Now with Justice League uniting the dark Avengers, Warner Bros. attempts to unite the gods of man, the Amazons, the Atlanteans, the cybernetic world, electric currents (?) and the overseer of those gods, resulting in a joyless action sequence display.
First off, the new team members sway too far from their source material: The Flash’s superpower is supposed to be superspeed alone, no electrical currents included as depicted here. Aquaman never once talks to fish, his signature superpower, his only attention seekers going straight to his pecs. The method of bringing Superman back to life (not spoiling anything by the way) makes no sense. Plus, Batman’s technology lacks the creativity of his previous versions.
Although, the introductions are sure-fire crowd pleasers, especially Wonder Woman’s opening fight to remove a bomb from a public building. The Flash gets a neat intro too as he doodles on an unsuspecting rude guy’s face in a millisecond, and right before meeting his father in prison. Like the Flash, Cyborg’s backstory also starts off empathetic as his father Cyrus cares little about his son’s now monstrous state. Then once Superman comes back, he forgets his identity, leading to a heated entertaining battle against the newly united fivesome.
Yet in the end, the memory of the experience lasts much shorter than Wonder Woman did. The midway directing replacement of Joss Whedon shows as rock music blares at the most inappropriate moments, similarly, Zack Snyder’s initiation shows with the dreadful CGI that equals early 2000’s graphics.
The screenwriting most hurts the cinematic universe as the subplots jump everywhere with no surprises aside from the appalling Captain Obvious dialogue. Superman never properly meets the men in the new league, one Hera might bristle over due to how Wonder Woman’s status as the sole female voice is overlooked.
In fact, what happened to the whole family concept? I mean, Batman and Superman both have parent issues, Wonder Woman has mommy issues, Flash and Cyborg both have daddy issues, so what about Aquaman’s parental issues? His lack of attention consequently makes the walking fish man’s story arc the most incomplete, since we don’t see him again until a half hour after his introduction. To make the nitpicks more aggravating: Exposition repeats itself three times each until the final moments literally spoon-feed the message as if everything contained some deeper meaning. Honestly, the scriptwriting nitpick list tops the mass of Jupiter.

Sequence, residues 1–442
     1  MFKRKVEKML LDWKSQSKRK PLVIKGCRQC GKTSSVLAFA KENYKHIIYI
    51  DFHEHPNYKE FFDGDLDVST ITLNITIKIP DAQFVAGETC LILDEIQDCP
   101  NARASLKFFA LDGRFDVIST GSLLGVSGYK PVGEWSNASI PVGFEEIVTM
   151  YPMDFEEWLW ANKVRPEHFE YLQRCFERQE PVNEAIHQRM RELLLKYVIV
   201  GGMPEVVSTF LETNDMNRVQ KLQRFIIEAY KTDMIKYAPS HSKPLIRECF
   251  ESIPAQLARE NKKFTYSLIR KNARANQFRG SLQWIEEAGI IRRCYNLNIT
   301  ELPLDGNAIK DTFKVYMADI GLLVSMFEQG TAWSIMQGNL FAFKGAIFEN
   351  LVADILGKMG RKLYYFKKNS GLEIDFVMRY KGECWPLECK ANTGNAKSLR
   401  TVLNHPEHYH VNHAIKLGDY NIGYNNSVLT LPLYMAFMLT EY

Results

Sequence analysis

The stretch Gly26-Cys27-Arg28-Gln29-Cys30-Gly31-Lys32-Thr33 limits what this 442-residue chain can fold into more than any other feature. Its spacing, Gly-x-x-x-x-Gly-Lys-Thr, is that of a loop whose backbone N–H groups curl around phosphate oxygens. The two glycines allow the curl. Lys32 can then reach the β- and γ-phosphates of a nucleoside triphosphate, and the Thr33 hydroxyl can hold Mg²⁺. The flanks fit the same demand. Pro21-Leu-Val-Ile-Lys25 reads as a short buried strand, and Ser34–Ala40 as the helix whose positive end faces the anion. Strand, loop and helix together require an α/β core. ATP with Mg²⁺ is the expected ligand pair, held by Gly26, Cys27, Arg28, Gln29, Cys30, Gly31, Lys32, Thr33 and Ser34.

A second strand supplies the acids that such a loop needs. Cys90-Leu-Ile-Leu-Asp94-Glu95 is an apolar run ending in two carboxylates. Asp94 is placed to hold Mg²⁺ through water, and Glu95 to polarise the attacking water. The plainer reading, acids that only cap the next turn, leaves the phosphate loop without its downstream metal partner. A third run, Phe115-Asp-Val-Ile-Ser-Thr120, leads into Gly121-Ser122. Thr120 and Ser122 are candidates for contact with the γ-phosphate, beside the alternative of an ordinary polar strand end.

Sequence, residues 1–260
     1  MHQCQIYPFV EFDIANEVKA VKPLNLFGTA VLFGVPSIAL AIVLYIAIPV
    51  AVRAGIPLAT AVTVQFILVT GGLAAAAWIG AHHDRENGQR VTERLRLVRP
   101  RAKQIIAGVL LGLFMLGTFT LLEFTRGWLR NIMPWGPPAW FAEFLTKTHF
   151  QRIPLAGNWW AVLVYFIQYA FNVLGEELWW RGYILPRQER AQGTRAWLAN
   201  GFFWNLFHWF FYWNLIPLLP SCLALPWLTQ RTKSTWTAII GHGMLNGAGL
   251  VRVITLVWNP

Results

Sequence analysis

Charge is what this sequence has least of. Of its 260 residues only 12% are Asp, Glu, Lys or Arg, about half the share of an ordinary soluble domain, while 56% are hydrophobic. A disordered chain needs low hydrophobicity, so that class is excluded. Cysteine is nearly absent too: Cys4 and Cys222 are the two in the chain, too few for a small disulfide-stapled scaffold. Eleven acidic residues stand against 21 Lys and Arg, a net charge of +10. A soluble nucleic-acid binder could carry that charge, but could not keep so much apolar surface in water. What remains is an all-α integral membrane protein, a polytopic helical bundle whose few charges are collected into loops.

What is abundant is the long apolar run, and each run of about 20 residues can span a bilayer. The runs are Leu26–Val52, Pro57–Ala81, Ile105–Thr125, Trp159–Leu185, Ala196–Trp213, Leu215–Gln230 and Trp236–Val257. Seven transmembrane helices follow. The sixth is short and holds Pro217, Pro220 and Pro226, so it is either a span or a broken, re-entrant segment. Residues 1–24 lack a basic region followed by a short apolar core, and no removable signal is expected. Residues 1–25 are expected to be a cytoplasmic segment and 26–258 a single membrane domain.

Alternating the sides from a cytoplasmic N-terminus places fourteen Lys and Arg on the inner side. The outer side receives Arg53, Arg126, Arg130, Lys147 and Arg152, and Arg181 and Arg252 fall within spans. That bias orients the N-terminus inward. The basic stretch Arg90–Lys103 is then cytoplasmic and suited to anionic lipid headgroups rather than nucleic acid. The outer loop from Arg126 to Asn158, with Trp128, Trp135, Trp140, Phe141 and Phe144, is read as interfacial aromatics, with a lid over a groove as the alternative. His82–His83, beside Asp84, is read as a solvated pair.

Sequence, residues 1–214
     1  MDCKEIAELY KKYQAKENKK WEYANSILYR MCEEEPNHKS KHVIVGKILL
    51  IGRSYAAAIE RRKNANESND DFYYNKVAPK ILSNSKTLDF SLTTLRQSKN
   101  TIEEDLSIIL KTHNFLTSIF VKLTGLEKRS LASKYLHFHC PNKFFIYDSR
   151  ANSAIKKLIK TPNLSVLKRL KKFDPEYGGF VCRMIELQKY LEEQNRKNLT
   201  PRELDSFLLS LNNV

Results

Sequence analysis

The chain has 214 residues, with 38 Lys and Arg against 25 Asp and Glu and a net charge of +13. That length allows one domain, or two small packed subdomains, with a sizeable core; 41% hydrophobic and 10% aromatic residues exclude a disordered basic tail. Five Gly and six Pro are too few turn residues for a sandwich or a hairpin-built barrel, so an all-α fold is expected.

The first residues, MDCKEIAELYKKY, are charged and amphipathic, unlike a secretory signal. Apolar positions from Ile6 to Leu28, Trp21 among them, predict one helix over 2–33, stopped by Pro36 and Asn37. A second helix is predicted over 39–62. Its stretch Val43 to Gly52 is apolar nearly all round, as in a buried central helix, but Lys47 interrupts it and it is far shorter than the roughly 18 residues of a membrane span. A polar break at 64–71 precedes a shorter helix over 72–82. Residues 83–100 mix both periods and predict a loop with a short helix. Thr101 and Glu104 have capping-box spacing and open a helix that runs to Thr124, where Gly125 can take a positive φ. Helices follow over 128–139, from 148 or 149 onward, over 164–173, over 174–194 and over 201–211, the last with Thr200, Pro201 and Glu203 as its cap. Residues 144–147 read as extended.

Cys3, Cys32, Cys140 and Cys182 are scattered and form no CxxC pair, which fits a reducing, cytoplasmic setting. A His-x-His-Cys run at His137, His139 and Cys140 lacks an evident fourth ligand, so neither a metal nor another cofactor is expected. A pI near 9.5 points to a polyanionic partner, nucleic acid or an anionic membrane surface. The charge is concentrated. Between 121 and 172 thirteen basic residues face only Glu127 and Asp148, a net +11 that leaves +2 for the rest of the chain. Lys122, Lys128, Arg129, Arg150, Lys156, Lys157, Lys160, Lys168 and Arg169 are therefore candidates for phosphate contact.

I now wish this movie was entirely animated, mainly to cover up the dreadful acting. The cast clearly reads off cue cards half the time, the other half of the time they pause too often, supposedly struggling to remember their lines. Henry Cavill in particular continues his reputation as a horrible, terrible performer... why bring him back? Why? They even needed to CGI his moustache away—just further evidence that Superman should STAY dead.
Justice League in general seems to worship the flesh more so than the spirit, as every actor, yes, EVERY ACTOR, looks gorgeous, even after a tread through Hades in the climax. After his resurrection, Superman’s hair, skin, and six-pack still look flawless without a sign of decomposition. The same especially goes to the staging of Gal Gadot: she wears leather tight pants, her booty framed to fill up the screen. Heck, her skirt barely even covers her butt cheeks! Meanwhile, the Flash, the skinny Jewish boy, covers his entire body under a high-tech suit, and Cyborg must survive off machinery to replace his permanently damaged African American body, as if race and religion weren’t body-shamed enough.
I’m now mortified to call these guys “superheroes,” as they do nothing besides thwart whomever blocks their path to pride. Bruce tries to tell Diana about how she brings out people’s better selves, but with the physical violence she resorts to, she does the complete opposite. They’re all teaching girls to publicly sexualize themselves, which could cause men to rape them. They’re all teaching boys to overwork their muscles, which could cause them to fall into heart failure by steroids or exhaustion. I have no recollection of hearing the word “hero” in this heap; so now comics avoid rescuing a cat from on top of a tree to celebrate an ideal fantasy where you can feel more powerful than God himself. At the same time, Justice League wants you to lower your submission to worship DC’s nonexistent gods, who stand for anything but truth, justice, and the American way.
If there is a specific movie you’d like to see graded, or if you are interested in guest blogging for my site, please email me at Trevor@TrevorsViewOnHollywood.com for your recommendations.
Have a great weekend, and happy watching!
Chichizola, Corey. “How Joss Whedon Ended Up Taking Over Justice League.” CinemaBlend. GatewayBlend Entertainment, Jun 2017. Web. <https://www.cinemablend.com/news/1663629/how-joss-whedon-ended-up-taking-over-justice-league>.
“THE FLASH.” DC. DC Entertainment. Web. <http://www.dccomics.com/characters/the-flash>.
Han, Angie. “This trailer is set to "Come Together," in case you were having trouble understanding the plot of the movie.” Mashable. 25 Mar 2017. Web. <http://mashable.com/2017/03/25/justice-league-movie-trailer-breakdown/#OqtK0y5_viqf>.
Justice League. DC. Web. <http://www.justiceleaguethemovie.com/>.
“Meet the Greek Gods.” Rick Riordan. Web. <http://rickriordan.com/extra/meet-the-greek-gods/>.